And more importantly, why should you care? Last December, Fed President Ben Bernanke assured the financial markets that the tapering of asset purchases under its Quantitative Easing program (i.e., pumping less stimulus into the economy each month) was not the same thing as tightening monetary policy. Traditionally, tightening has meant raising the short-term interest rates that the Fed controls.
The Fed has insisted in recent months that these interest rates will remain low for an extended period of time. The fact that the traditional mode of tightening wasn't occurring allowed Bernanke to try to draw a line between tapering and tightening. Unfortunately, that line appears to be imaginary. At least that would be the conclusion drawn by many emerging market economies, led by the "Fragile Five."
Without delving too deeply into the complicated relationships between emerging markets and our Fed monetary policy, these emerging markets have taken it on the chin since it became clear the Fed was in fact going to follow through on QE tapering. The wobbling of these emerging markets has been largely responsible for the early stock market pullback so far this year. (Here's a link to more on this relationship if it interests you.) And that's why it matters to you.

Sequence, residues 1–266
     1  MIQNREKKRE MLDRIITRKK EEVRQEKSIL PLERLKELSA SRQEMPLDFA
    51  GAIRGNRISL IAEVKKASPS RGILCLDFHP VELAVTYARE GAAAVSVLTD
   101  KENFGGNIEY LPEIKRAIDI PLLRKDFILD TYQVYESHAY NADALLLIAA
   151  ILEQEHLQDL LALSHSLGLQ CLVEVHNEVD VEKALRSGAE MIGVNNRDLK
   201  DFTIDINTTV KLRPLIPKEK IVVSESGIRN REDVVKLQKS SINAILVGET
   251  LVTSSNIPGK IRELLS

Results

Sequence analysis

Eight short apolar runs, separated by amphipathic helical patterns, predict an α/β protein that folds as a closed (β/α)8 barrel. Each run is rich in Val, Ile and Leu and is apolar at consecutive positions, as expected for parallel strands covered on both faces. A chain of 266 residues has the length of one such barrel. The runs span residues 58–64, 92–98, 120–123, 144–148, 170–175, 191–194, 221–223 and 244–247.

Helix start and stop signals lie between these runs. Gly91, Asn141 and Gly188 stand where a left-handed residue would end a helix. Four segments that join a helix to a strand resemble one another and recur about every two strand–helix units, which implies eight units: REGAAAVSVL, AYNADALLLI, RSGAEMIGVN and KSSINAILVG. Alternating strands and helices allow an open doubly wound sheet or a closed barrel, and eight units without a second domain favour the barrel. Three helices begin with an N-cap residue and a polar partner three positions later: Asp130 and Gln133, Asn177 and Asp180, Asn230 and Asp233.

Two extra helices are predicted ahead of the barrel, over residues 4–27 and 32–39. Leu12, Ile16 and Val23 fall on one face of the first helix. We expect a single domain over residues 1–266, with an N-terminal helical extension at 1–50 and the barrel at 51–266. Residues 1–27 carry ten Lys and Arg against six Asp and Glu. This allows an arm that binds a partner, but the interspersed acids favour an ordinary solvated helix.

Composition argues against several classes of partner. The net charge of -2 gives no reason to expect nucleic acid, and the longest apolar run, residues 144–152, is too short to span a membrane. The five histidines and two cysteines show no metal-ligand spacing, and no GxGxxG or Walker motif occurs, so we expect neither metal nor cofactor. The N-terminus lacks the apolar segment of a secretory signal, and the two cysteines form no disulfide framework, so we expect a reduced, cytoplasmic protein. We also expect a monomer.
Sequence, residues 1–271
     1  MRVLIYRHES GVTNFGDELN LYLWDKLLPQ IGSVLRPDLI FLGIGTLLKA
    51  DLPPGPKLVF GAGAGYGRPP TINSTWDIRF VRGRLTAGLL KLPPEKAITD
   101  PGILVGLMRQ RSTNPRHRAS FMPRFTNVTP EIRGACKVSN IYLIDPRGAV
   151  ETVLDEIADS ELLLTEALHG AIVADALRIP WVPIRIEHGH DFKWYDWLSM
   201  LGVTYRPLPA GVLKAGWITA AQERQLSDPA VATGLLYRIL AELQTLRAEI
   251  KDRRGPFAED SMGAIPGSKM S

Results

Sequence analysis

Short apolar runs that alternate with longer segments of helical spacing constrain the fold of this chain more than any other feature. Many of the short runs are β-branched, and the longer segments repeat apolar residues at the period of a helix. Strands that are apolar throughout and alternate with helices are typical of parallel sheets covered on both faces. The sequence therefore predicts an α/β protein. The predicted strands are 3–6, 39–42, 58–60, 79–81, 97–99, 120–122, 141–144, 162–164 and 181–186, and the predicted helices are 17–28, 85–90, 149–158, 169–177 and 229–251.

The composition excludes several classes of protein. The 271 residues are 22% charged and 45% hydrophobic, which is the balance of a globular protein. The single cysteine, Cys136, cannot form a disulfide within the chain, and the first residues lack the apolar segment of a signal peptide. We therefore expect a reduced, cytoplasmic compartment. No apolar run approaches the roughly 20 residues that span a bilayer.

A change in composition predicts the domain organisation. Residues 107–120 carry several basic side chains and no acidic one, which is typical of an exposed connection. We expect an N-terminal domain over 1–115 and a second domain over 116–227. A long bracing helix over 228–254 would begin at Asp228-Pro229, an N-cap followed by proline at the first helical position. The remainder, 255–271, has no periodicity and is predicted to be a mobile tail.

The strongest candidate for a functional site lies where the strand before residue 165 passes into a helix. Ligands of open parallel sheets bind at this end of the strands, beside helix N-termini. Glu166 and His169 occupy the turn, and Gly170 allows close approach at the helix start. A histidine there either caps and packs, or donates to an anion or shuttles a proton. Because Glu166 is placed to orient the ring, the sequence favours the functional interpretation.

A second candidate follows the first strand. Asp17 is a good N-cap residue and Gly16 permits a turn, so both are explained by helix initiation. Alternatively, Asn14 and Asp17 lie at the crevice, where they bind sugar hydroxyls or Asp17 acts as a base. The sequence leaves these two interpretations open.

Let's take a step back. Last June, when the Fed had recently begun talking about eventually tapering its QE program, bond yields soared and the stock market started to slide. On June 5, after the stock market had been sliding for about two weeks, I wrote the following about the relationship between the stock market and Fed monetary policy:
The (multi) million dollar question is how smoothly the Fed will be able to exit these policies. In other words, are the financial markets going to capsize once it’s clear the Fed is scaling back? That fear is what has put the recent wobble into stock prices. The reality is nobody knows how it will play out, as the Fed has never done anything like this before.